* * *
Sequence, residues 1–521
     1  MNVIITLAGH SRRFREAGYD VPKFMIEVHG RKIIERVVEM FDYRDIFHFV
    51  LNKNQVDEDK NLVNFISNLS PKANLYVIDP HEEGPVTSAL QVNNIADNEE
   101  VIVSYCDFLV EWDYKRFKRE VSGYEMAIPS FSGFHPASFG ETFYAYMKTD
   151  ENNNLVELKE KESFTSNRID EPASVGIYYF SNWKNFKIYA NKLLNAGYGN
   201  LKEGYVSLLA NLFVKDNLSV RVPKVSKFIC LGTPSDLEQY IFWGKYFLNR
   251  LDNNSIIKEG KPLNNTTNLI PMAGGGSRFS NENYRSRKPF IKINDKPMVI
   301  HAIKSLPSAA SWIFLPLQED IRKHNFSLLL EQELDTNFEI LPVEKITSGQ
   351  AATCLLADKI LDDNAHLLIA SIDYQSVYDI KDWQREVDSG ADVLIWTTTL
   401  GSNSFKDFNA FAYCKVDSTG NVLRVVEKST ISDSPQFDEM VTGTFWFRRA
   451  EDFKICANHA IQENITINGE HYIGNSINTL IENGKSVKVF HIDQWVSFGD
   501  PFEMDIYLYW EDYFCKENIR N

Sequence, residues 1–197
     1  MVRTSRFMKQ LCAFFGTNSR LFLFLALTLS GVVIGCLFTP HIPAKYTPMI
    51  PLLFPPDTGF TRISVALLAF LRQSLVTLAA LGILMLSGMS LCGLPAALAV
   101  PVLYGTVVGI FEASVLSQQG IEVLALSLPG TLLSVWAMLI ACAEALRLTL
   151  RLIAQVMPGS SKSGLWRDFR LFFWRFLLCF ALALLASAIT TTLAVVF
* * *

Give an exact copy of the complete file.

Sequence, residues 1–521
     1  MNVIITLAGH SRRFREAGYD VPKFMIEVHG RKIIERVVEM FDYRDIFHFV
    51  LNKNQVDEDK NLVNFISNLS PKANLYVIDP HEEGPVTSAL QVNNIADNEE
   101  VIVSYCDFLV EWDYKRFKRE VSGYEMAIPS FSGFHPASFG ETFYAYMKTD
   151  ENNNLVELKE KESFTSNRID EPASVGIYYF SNWKNFKIYA NKLLNAGYGN
   201  LKEGYVSLLA NLFVKDNLSV RVPKVSKFIC LGTPSDLEQY IFWGKYFLNR
   251  LDNNSIIKEG KPLNNTTNLI PMAGGGSRFS NENYRSRKPF IKINDKPMVI
   301  HAIKSLPSAA SWIFLPLQED IRKHNFSLLL EQELDTNFEI LPVEKITSGQ
   351  AATCLLADKI LDDNAHLLIA SIDYQSVYDI KDWQREVDSG ADVLIWTTTL
   401  GSNSFKDFNA FAYCKVDSTG NVLRVVEKST ISDSPQFDEM VTGTFWFRRA
   451  EDFKICANHA IQENITINGE HYIGNSINTL IENGKSVKVF HIDQWVSFGD
   501  PFEMDIYLYW EDYFCKENIR N

Sequence, residues 1–197
     1  MVRTSRFMKQ LCAFFGTNSR LFLFLALTLS GVVIGCLFTP HIPAKYTPMI
    51  PLLFPPDTGF TRISVALLAF LRQSLVTLAA LGILMLSGMS LCGLPAALAV
   101  PVLYGTVVGI FEASVLSQQG IEVLALSLPG TLLSVWAMLI ACAEALRLTL
   151  RLIAQVMPGS SKSGLWRDFR LFFWRFLLCF ALALLASAIT TTLAVVF